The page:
A New Low Vision Resource from the National Eye Institute

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Cover of NEI Low Vision Booklet

The National Eye Institute (NEI) has released a 20-page, full-color, large print booklet with companion videos, in support of Low Vision Awareness Month, February 2013. The booklet and videos were developed by NEI's National Eye Health Education Program (NEHEP).

The mission of NEI, a part of the National Institutes of Health, is to "conduct and support research, training, health information dissemination, and other programs with respect to blinding eye diseases, visual disorders, mechanisms of visual function, preservation of sight, and the special health problems and requirements of the blind."

The goal of NEHEP is to "ensure that vision is a health priority by translating eye and vision research into public and professional education programs. NEHEP supports collaboration among eye health professionals, healthcare providers, patients, and the public."

The Booklet: Living with Low Vision

The new 20-page booklet, Living with Low Vision: What you should know, urges individuals with low vision to seek help from a low vision specialist, and provides information about the low vision examination, including resources for additional – and helpful – vision rehabilitation services. The Table of Contents contains a number of useful and practical topics, including:

  • What is low vision?
  • How do I know if I have low vision?
  • How do I know when to get an eye exam?
  • Meet Erin, Joma, Lawrence, and Ruth, who have low vision
  • What can I do if I have low vision?
  • What questions should I ask my eye care team?
  • Questions to ask your eye care professional
  • Questions to ask your specialist in low vision
  • Where can I go for more information?
  • A glossary of low vision terms

An Excerpt: Lawrence's Story

In the following excerpt from the NEI booklet, Lawrence, who has glaucoma, tells the story of his own "low vision journey":

Photo of Lawrence from NEI video

After ten years in the Navy, Lawrence began losing his sight. Sadly, he also thought he'd lose his favorite pastime – painting.

When Lawrence was diagnosed with glaucoma, his vision was nearly gone. To learn how to make use of his remaining eyesight, he enrolled in a vision rehabilitation program where he was taught new ways to do certain tasks.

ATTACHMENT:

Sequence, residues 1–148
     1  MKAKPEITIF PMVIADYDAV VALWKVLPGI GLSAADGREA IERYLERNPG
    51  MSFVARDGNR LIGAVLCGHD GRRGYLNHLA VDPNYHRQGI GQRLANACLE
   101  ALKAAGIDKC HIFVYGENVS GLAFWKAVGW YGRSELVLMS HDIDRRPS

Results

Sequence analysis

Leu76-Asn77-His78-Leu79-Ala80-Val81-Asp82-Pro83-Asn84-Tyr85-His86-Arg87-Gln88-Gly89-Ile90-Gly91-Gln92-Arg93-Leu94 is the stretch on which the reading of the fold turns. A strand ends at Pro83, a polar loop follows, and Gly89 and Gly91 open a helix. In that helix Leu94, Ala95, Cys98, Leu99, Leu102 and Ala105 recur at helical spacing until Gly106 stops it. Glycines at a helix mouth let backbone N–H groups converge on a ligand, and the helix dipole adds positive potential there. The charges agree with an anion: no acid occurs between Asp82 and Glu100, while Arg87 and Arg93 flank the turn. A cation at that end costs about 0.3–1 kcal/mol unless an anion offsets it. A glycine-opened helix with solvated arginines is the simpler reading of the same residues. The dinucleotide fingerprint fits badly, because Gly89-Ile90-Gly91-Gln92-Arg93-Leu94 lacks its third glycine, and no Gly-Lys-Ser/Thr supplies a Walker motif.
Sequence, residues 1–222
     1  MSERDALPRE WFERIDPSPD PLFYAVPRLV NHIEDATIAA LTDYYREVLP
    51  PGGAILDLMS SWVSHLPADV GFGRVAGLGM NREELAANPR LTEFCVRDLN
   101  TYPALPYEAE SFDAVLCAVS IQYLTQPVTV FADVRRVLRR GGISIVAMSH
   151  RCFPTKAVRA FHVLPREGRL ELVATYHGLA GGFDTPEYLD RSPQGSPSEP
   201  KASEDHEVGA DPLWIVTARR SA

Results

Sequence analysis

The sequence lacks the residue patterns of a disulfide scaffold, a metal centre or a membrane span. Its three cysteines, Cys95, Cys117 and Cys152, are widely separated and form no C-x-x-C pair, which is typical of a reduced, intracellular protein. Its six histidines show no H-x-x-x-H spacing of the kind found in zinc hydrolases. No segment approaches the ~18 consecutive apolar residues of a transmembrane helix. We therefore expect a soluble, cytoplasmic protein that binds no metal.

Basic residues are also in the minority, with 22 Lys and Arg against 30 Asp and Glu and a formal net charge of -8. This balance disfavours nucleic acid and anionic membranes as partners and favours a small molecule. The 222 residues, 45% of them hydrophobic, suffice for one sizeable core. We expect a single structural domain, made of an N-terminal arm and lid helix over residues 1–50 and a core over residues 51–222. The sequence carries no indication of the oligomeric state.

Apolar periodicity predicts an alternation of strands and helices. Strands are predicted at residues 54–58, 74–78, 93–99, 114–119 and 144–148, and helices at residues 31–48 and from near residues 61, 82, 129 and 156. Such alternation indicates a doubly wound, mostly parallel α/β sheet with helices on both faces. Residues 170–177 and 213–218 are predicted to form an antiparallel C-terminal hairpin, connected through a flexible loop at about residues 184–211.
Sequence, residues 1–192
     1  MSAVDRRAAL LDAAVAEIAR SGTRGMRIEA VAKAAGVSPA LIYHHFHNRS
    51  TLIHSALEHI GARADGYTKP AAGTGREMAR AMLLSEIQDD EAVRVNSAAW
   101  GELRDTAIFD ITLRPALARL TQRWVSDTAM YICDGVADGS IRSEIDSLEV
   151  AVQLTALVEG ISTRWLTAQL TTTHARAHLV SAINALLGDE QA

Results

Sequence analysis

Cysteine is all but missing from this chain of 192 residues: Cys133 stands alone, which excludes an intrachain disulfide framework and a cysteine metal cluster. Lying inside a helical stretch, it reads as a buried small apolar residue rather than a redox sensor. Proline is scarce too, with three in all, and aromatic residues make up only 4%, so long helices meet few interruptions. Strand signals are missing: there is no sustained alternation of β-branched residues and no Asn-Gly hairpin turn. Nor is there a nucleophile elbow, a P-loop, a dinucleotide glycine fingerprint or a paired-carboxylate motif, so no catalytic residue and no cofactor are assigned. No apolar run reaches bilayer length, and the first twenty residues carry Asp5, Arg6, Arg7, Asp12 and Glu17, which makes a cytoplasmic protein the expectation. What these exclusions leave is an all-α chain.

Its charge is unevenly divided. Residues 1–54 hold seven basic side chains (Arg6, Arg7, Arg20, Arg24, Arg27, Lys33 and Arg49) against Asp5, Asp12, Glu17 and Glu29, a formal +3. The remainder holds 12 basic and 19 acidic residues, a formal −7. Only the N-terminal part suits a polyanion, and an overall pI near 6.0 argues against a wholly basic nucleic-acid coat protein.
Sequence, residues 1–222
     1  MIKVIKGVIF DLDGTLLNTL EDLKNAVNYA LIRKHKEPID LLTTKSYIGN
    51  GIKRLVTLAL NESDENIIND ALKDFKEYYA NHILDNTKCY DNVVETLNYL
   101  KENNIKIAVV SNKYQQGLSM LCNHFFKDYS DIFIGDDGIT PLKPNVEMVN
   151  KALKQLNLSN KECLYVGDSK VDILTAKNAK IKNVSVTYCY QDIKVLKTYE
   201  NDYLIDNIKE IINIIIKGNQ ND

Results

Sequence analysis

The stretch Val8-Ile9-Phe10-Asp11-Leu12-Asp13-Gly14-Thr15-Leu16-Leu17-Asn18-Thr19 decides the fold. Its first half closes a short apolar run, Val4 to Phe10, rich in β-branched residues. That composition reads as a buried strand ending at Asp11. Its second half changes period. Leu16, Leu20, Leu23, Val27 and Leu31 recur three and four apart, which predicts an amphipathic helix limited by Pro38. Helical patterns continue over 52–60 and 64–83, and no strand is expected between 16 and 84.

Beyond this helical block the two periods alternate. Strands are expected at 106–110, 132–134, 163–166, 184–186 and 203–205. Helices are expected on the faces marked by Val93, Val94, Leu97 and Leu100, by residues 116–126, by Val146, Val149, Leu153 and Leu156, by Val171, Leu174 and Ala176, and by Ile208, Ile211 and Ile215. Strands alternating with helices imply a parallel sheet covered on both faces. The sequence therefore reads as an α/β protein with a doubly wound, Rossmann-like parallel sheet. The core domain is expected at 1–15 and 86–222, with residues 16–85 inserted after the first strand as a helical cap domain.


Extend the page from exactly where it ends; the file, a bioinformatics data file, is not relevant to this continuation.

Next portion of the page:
With the help of an orientation and mobility specialist, Lawrence learned how to move around safely in his home and how to travel by himself. Also, telescopic spectacles—an adaptive device attached to his glasses—help Lawrence to read and see the TV screen more clearly.

The Companion Video: Living with Low Vision

The companion video/DVD to the booklet, Living with Low Vision: Stories of Hope and Independence, features personal stories about living, and successfully coping, with low vision.

The video features testimonials from six men and women who have benefited from low vision and vision rehabilitation services and continue to lead active, productive, and independent lives: Natina English, who has diabetic retinopathy; Lawrence Harrison, who has glaucoma; Erin Kerkhoff, who has congenital optic atrophy; Joma Leonard, who has albinism; Ruth Lotz, who has macular degeneration; and Ruth Margolies, who also has macular degeneration. You can view the full video, which also includes information for health care professionals, at the NEI website.

More about Low Vision from VisionAware

Low vision means that even with regular glasses, contact lenses, medication, or surgery, you might find it challenging, or even difficult, to perform everyday tasks, such as reading your mail, shopping, cooking, and signing your name.

People age 65 and older, as well as African Americans and Hispanics over age 45, are at higher risk of having low vision from macular degeneration, glaucoma, diabetic retinopathy, or from a stroke.

There are many signs that can indicate low vision. For example, even with your regular glasses, do you have difficulty:

  • Recognizing faces of your friends and relatives?
  • Performing tasks that require you to see well up close, such as reading, cooking, sewing, fixing things around the house, or picking out and matching the color of your clothing?
  • Performing tasks at work or home because lights seem dimmer than they used to?
  • Reading street and bus signs or the names of stores?

VisionAware also provides a wide array of customized videos and personal stories to help you learn more about changing your home; daily living activities; orientation & mobility; using technology; hearing and vision loss; preventing falls; and improving lighting.

You can use the American Foundation for the Blind Directory of Services to locate low vision and vision rehabilitation services that are available in your state and local area.


Topics:
Reading
Low Vision
Orientation and Mobility
Employment
Education
Diabetes and diabetic retinopathy
Macular Degeneration
Stroke or Brain Trauma
Glaucoma
Cataracts

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